Adrift At Sea at WVIHY

                                                                                    

     “Day 1 – Ship sinks.  Caught a turtle and drank some blood.”  “Day 2 – Lost paper clips, going to divide our food between five people.”  “Day 3 – Third day of dreadful sailing, boat got a hole in it and we had to fix it.”  “Day 6 – still starving.”  These are some of the journal entries written by students during a recent simulation which took place in the Assisted Reading class at the West Virginia Industrial home for Youth. 

      Students read portions of the non-fiction Survive the Savage Sea, by Dougal Robertson.  After learning some survival techniques and exploring how they might react in similar circumstances, students got to try it for themselves.  Inspired by a teacher contribution on the Survivethesavagesea.com website, teacher Ruth Winters challenged her students to spend the entire class period in a “boat” measuring 9” X 4”, just as had the survivors from the story.  

     They had a small amount of salvage at their disposal but could not leave the boat to enter the shark-infested waters (man-eating paper sharks were everywhere!)  They had a length of yarn, a signal mirror, some paper clips, pencil and paper, a plastic knife, a ruler, a sinker and a roll of medical tape.  In the ocean around them were turtles, flying fish, and dorado.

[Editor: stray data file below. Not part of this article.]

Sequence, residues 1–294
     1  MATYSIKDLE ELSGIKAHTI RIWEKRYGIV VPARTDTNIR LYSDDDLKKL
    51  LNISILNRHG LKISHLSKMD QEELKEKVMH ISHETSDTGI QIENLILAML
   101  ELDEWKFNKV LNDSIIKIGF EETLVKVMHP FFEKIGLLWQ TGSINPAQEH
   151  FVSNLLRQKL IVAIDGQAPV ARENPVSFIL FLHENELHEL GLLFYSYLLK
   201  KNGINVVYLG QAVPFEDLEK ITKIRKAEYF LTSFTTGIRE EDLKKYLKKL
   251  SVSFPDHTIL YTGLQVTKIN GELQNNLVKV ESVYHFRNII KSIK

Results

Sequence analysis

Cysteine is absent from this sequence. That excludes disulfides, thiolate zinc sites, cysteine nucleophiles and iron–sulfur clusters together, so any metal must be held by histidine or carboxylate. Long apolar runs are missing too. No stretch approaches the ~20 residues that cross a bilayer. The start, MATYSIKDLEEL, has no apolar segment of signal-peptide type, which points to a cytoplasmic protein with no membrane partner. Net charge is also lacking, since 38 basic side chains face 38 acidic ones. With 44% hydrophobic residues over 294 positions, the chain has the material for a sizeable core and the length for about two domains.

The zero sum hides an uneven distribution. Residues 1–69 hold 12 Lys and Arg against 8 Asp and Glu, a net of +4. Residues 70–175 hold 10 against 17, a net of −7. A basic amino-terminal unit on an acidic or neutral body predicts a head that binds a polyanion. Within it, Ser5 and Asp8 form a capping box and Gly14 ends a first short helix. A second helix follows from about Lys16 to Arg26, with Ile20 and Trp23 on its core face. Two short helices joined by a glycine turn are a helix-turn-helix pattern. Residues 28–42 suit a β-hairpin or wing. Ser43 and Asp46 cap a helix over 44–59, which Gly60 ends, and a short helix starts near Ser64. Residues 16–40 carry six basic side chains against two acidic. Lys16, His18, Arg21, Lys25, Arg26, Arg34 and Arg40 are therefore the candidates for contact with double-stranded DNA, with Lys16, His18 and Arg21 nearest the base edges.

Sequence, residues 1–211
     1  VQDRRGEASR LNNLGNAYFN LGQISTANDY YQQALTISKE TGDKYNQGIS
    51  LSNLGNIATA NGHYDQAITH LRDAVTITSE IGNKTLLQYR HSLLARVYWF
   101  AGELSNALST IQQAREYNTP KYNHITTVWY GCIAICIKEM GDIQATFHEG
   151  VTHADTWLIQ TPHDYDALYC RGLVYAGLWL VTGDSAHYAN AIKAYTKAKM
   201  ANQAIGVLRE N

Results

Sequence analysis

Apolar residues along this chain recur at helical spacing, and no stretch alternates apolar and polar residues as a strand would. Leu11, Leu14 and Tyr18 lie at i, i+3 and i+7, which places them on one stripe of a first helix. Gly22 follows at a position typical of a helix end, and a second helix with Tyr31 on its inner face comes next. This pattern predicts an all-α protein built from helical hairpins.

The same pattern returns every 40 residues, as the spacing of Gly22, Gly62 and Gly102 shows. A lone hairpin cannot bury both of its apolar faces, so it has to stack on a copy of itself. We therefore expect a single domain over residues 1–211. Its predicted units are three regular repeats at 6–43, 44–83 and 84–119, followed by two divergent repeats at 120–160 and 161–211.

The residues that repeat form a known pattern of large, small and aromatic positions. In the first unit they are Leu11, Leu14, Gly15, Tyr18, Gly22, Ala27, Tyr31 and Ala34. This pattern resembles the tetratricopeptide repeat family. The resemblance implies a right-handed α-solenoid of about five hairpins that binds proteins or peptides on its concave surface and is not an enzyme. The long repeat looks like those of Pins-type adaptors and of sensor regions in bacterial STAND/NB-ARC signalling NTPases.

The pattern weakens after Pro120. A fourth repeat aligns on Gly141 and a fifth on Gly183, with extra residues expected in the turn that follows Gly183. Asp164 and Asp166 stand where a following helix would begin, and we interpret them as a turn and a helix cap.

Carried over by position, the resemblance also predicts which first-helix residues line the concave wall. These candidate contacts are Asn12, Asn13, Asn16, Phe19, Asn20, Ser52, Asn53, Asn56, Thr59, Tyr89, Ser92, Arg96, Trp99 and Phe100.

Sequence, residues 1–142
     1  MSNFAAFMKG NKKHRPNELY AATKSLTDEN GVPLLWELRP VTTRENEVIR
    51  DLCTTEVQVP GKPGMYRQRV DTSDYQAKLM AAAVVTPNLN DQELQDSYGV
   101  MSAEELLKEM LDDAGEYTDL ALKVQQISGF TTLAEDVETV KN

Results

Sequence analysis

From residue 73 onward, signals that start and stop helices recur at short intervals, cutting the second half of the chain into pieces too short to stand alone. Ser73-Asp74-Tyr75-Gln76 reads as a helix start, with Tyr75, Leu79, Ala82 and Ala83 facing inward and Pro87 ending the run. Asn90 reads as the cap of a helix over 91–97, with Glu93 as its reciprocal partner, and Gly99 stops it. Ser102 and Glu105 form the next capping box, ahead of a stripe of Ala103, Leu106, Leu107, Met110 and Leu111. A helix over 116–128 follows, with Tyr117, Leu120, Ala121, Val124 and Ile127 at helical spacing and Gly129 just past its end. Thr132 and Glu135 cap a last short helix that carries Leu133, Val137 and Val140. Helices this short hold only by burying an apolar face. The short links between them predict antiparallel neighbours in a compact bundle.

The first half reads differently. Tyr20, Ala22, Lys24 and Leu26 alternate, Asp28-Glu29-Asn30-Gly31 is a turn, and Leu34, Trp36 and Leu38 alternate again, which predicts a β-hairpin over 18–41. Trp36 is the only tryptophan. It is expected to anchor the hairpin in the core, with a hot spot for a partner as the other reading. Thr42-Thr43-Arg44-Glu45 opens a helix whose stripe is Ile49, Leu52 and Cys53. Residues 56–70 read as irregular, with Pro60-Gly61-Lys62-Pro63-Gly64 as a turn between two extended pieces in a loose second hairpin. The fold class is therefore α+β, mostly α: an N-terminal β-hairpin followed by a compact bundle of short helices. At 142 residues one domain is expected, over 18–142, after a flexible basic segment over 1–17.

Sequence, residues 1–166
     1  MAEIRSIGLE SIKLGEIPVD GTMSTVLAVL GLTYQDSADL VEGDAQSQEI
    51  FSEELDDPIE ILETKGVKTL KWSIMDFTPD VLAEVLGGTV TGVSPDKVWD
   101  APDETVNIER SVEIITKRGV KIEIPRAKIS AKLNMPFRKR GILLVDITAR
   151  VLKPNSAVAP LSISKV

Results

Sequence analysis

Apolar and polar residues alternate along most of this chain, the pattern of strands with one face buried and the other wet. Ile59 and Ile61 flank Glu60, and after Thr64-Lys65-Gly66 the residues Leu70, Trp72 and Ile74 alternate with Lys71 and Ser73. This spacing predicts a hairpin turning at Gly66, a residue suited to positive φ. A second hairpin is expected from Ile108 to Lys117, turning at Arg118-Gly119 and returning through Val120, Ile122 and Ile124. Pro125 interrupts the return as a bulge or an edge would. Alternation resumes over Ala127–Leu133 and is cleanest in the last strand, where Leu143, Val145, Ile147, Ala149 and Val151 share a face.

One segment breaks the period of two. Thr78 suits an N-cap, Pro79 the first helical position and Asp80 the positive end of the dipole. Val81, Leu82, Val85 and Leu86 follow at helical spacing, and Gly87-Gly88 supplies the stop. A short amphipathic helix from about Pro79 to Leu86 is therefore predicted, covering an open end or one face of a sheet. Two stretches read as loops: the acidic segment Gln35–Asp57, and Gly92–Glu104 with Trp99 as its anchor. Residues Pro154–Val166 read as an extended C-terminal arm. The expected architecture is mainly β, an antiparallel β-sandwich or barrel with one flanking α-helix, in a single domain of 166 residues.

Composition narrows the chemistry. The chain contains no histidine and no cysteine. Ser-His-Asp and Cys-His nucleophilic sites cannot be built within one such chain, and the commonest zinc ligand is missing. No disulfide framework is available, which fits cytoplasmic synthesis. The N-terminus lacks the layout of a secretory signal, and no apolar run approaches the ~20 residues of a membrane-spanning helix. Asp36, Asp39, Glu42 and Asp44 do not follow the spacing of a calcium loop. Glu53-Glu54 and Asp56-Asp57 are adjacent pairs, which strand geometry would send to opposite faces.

The castaways had to figure out a way to catch the fish in order to eat (a pack of Smarties candies attached to each fish), and had to divide every bit of food among all on board.  If they caught the elusive turtle they could have a drink of turtle blood (tomato juice).  If too many stood up at once they risked capsizing.  Thankfully, at the end of the day we had not lost one man.  

     In post-simulation reflections students discussed the difficulty of being crammed into so small a space with others, and the teamwork necessary to acquire even the smallest bits of food and drink, which they then had to share.  Consensus was that the Robertson family had used their preparation, strength and skills to survive their 38 days adrift at sea.                

Ruth Winters
Posted:April 9, 2009